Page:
But sex is what Angel uses to claim her body, to become more of a body, not less (after good sex, she writes: “I could feel my organs, their ripeness, their contentment”). Sex consecrates. When Angel’s lover masturbates onto her—on “my breasts, my belly, my neck”—she writes, “I love this. The sudden wet coolness on me. The smell: summer rain on cement. Fresh, open windows.”
Unmastered is a smart rejoinder to the idea that pleasure has nothing to teach us. Pleasure—everyday tenderness; ordinary, domestic lovemaking—teaches Angel everything; it washes away her defensive asceticism, her lazy dichotomies. She leaps out of depression and into insight. Where things seemed so established—between men and women, say, brutes and victims—she encounters shifting sands. “I lock him into his masculinity,” she writes of her lover, amused. “I am anxious to protect it, for it pains me, it pains my femininity, to see it fragmented.” Gender becomes a game, a mutually agreed upon madness, a source of strength, a drag, a turn-on. She presents these paradoxes, but never resolves them. Why would she? Paradoxes make things agreeably sticky for her. In bed, she tells her lover what she likes: “I spoke dreamily of how I loved his big frame towering over me during sex; how much I loved his powerful arms around my neck while he came into me from behind; how I loved feeling the strength of him as he fucked me—yes, as he fucked me, because—let’s not be coy or disingenuous—that is definitely what was happening.” He asks, “You’re not really a feminist, are you?” She laughs. She doesn’t tell him why.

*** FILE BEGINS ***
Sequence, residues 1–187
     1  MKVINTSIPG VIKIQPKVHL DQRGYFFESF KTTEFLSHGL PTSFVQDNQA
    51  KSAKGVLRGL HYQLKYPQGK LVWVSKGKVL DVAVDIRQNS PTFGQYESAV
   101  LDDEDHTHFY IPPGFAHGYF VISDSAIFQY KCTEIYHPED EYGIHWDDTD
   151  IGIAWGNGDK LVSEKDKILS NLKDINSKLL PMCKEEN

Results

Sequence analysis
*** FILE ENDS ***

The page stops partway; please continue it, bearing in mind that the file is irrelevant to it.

Correction, June 7, 2013: This review originally misstated the first name of the book's author. Her name is Katherine Angel, not Elizabeth.
Unmastered: A Book on Desire, Most Difficult to Tell by Katherine Angel. Farrar, Straus and Giroux.